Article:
THE. SNOW. IS. MELTING!!!!
I am pretty excited about this. Yesterday, my husband and I took our dog to the park to walk after a long winter hibernation. We were not alone. The paths were crowded with prisoners set free from the bondage of subzero temperatures. We sprung the clock forward and were launched into spring, or so it seems.
My husband announced this morning, “I packed my winter coat away.” I walked across campus in just jeans and a sweater. The sun is shining and it looks like we’ll hit the high forties and low fifties most every day this week. Yippee!
Spring is so hopeful. I just know that under the thick crust of snow, some daffodils are waking up and thinking about breaking the surface of the soil. As the dingy whiteness melts into the river, fresh green grass will sprout and blanket the yard outside our home. It’ll be fresh and new.
I could use a little ‘new’. Could you?
Some friends and I are meeting once a week to talk about turning, repenting, resting, renewing, and re-setting. It’s a pretty Lutheran/Lenten thing to do, really. We start with Ash Wednesday acknowledging that “dust we are and to dust we shall return.” We enter the Lenten season contemplatively, acknowledging the truth about ourselves and admitting — “I’m getting it all wrong.” So, these friends and I are really opening ourselves up to one another and inviting one another to ask, “How can I turn from this? How can I rest in this? How can I be renewed? How can I re-set?”
I didn’t really give anything up for Lent, but the addition of this weekly community of confession — of agreeing with one another that we don’t have it all figured out — has provided a space for me to be ok with my insufficiencies, to openly admit that I am a work in progress.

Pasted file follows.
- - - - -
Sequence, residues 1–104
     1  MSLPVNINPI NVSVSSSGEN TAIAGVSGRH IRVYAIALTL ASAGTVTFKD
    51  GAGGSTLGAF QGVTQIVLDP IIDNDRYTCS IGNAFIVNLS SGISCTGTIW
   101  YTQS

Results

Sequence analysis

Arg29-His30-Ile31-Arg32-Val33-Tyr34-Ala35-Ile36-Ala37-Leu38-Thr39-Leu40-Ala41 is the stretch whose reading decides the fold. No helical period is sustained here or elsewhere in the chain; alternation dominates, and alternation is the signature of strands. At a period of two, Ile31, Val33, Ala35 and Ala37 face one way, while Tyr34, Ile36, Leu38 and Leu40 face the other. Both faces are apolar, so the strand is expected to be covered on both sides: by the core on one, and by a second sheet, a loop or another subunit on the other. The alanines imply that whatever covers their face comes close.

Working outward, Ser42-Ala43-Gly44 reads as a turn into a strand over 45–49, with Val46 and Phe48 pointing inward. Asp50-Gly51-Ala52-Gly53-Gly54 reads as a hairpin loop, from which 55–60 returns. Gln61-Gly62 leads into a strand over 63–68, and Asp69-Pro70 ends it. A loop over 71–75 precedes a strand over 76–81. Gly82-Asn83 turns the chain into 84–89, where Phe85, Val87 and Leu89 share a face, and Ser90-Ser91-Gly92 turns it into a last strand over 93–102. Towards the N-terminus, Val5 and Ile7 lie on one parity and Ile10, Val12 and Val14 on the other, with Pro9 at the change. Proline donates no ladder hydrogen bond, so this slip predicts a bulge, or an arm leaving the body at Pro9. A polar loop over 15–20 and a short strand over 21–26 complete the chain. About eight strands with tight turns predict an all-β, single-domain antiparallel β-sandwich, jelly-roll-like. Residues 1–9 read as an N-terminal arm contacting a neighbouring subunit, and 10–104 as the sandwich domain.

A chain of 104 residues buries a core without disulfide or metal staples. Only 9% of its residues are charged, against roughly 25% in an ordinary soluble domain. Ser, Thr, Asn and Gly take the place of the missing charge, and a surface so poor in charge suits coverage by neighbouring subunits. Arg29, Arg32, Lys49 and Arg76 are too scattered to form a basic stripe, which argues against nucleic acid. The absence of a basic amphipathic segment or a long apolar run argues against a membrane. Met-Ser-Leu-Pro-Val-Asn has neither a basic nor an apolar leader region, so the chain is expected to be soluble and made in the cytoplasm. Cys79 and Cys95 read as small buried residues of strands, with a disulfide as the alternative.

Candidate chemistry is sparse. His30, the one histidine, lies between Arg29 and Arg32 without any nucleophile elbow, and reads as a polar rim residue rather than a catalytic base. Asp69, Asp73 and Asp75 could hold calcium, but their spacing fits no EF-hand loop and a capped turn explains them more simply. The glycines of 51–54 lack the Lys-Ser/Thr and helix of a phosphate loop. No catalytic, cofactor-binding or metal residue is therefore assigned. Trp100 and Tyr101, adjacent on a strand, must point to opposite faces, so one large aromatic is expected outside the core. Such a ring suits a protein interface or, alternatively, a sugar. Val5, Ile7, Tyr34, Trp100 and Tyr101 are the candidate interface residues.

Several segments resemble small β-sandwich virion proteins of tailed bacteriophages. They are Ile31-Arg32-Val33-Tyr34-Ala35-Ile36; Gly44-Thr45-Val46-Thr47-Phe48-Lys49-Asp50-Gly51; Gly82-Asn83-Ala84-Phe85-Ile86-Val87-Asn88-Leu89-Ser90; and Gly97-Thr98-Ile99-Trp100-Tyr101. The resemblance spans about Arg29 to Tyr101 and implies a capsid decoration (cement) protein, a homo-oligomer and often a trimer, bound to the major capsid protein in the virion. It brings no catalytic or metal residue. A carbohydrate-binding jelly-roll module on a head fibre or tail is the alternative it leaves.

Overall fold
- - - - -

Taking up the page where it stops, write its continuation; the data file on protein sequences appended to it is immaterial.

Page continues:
Now that may not be revolutionary for you, but for me it’s a space that I haven’t always allowed myself. I have spent a lot of energy over the years thinking I was right, justifying my actions, and plowing over (or simply ignoring) those who didn’t agree with me.
I mean, as long as I’m confessing, why hold back, right?
Over the years in my classroom, I often taught my students that “anybody can change.” This was one of my many “mini-sermons” I gave to teach life lessons. I would give the “anybody can change” sermon when students were annoyed with coaches, other teachers, each other, or their parents. I would say, if we expect that people will never change, we don’t allow them the space to make changes. I sometimes cited as an example a former student who prided himself on being the class clown. He disrupted almost every class he attended and found himself meeting with the Admissions Review Board on more than one occasion. We would say, “You are a natural born leader. Please, use that power for good! Lead your peers positively, not negatively.” For four years, we encouraged this student to change. For four years we believed he could. Yet, as he walked across the stage at graduation, we were still witnessing the immature disruptive student. Three years later, the student showed up at my classroom door — shirt and tie, freshly cropped, and somewhat sheepish looking. He wanted to let me know that he had become the captain of the football team at his university and that he had made the dean’s list. “You were right, Mrs. Rathje.” Anybody can change.
Now, I usually tell that story to point out the fact that anybody can change, but also to show what an amazing teacher I am — see what an impact I had on that student! But really, the object lesson is for me.
Anybody can change. Anybody can turn. Anybody can re-set. Even me.
2 Corinthians 5:17
Therefore, if anyone is in Christ, he is a new creation.
The old has passed away; behold the new has come.